Thursday, October 16, 2008

Bike Bottle Addiction?

All right let’s see 1, 2, 3, times 4 times 2 plus 2 more. That makes 26! Our family owns 26 bike bottles and some of you will agree and others will disagree but I don’t think we have enough. In fact, I don’t think you can ever have enough bike bottles.

My bike bottle collection started years ago when I bought my first road bike. It was a used Centurion I bought in grad school and it came with a free bike bottle. Back then I thought I’d never have a use for a bike bottle but I obviously didn’t know then what I know now.

Until 2006 we always had a small collection of bike bottles. Then, we found the holy grail of free bike bottles, The Seattle Bike Expo. This is a bike show held in the middle of March every year. It has a couple hundred booths and if you get there early enough on the first day a lot of the vendors are handing out free bike bottles. The first year we attended the expo Jenny looked at the 6 or 7 bike bottles that we came home with and said, “What are we going to do with all of those”? I assured her that they were a necessity and we had to keep them. She reluctantly agreed. Now she’s a believer.

In fact, Jenny has become quite the bike bottle connoisseur. She likes the bike bottles that are tall with the with the medium size lids. If I’m getting bike bottles ready before a ride I know these are her favorites but as a plan B she will use the tall ones with the large size lids. Under no circumstances will she ever use the ones that have the plastic nozzle. I was right, they are a necessity.

Our bike bottles use to be located in a large metal bowl down in the far reaches of a back cupboard. If you were to relate this to a neighborhood this would be the ghetto. Our bike bottles have really moved themselves up in the world over the years. They are now stacked neatly in the high rent district of our cupboard next to the microwave. I guess location is everything.

Every year that we’ve gone to the expo we come home with more bike bottles. To me it’s a lot like topping your personal best for a century or climbing that monstrous hill faster. Last year we topped our personal best for bike bottles at the expo and felt like it was a major accomplishment. Now, before all of the Pacific Northwesterners get ticked at me we actually use all of these bike bottles.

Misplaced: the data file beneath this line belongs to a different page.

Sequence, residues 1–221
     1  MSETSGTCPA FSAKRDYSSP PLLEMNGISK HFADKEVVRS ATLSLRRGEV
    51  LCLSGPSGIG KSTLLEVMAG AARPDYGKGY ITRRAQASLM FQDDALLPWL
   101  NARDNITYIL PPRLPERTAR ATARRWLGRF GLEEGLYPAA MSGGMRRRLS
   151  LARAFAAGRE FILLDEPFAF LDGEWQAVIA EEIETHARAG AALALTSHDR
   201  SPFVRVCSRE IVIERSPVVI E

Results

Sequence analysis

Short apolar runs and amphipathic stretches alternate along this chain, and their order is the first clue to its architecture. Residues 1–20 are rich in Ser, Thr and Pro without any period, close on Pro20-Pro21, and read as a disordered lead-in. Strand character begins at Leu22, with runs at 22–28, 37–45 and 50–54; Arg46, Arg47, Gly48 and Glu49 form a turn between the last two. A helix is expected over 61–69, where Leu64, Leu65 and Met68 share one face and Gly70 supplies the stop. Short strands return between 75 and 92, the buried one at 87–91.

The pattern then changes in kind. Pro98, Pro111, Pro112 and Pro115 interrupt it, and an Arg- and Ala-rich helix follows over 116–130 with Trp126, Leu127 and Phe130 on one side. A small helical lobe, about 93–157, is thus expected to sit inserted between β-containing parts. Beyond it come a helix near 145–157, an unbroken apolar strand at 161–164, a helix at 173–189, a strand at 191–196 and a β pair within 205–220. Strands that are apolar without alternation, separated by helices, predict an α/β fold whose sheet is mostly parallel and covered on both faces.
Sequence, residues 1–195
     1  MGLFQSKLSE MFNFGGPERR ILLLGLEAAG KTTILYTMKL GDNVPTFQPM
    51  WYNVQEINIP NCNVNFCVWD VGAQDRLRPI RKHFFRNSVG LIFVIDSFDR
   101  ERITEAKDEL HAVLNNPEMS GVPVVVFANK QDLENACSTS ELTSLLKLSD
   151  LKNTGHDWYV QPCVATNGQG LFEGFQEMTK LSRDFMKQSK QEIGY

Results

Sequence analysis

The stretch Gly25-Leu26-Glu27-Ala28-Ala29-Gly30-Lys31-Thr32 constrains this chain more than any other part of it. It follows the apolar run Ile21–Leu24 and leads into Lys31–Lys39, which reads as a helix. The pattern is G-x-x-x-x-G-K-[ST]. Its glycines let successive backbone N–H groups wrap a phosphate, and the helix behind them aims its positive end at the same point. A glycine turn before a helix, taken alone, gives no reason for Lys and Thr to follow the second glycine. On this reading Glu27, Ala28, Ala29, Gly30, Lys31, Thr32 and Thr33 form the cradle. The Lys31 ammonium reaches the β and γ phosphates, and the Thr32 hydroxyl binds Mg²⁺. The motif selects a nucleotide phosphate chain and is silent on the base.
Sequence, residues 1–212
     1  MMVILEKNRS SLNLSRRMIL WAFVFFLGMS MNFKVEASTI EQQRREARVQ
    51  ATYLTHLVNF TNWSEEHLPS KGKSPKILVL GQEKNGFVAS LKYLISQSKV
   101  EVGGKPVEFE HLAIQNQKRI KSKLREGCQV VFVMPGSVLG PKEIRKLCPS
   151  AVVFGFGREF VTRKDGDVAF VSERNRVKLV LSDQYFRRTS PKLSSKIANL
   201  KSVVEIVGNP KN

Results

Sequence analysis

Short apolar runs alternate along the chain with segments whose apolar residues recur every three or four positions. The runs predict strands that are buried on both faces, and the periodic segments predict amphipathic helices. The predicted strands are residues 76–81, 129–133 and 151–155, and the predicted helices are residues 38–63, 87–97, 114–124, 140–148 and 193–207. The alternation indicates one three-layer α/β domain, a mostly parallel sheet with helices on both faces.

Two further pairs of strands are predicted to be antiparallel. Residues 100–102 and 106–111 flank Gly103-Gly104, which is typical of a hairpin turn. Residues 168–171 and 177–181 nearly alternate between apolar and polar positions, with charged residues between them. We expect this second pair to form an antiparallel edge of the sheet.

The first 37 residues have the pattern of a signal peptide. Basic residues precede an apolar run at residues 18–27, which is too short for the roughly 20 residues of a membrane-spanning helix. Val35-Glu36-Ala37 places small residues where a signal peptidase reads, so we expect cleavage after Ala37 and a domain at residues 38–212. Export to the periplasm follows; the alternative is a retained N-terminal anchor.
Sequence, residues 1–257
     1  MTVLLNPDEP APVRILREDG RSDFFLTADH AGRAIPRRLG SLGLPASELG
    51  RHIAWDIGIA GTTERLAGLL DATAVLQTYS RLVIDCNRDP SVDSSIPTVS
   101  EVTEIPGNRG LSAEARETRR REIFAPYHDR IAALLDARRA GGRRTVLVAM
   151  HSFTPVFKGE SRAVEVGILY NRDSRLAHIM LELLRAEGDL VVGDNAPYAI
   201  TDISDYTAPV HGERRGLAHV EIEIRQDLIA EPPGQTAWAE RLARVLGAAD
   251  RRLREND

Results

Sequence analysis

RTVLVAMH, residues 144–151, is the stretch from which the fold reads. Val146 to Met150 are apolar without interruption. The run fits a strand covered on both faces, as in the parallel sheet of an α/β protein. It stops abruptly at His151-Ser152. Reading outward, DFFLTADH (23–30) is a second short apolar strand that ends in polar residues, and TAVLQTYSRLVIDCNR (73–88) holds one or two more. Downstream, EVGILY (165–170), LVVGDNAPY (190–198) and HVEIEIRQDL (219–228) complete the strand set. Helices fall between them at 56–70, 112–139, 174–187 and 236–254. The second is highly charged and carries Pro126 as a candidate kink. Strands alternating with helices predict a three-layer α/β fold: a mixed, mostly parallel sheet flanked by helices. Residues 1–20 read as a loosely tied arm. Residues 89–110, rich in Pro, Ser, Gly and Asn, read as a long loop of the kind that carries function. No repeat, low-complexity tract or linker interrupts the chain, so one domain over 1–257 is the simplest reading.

The obvious use for bike bottles is for rides and we definitely use tons of them for that purpose but other uses are almost unlimited. Here are some of my favorites.

The kids bring them to school in their lunches. That way they don’t fill up the landfills with plastic water bottles. Call it my version of being a tree hugger. I’m sure the kids are also the envy of all their classmates. I mean who doesn’t look cool drinking out of a bike bottle.

I bring a small bike bottle to work every morning filled with milk. I’m sure people see it hanging out of my backpack and think I’m using it on a lunchtime ride or something when in reality I use the milk for a bowl of granola while I sit at my desk.

Finally, I’ve never had to resort to using a bike bottle for this but the Fat Cyclist has used bike bottles for emergency situations.

For some reason our bike bottle supply never gets above 30 even though we end up acquiring them at different events and occasions all the time. There must be a mystical force that makes them vanish similar to the mystical force that makes socks disappear in the dryer every week. It’s either that or the kids don’t bring them home from school. I personally think it’s the mystical force.

I don’t have a bike bottle addiction, I really don’t. I’m sure I could quit acquiring them any time I want. I just don’t want to. That doesn’t sound like an addiction does it?


Bike Buddy said...

My son fills a couple bottles up every morning to have for his after school sports. I like to take one (or two) with me whenever I am going to be in the car for a while. It's a great time to get in some of that all important hydration. Which also helps you avoid the ever dreaded bonking you have talked about before.

PLC.Doctor said...

You might want to consider downsizing the amount of bottles based on the type of plastic that they're made of. Take a look at the recycle symbol, if it has a 7 inside the triangle then it is made of cheapest available material and will usually have a high concentration of BPA in it.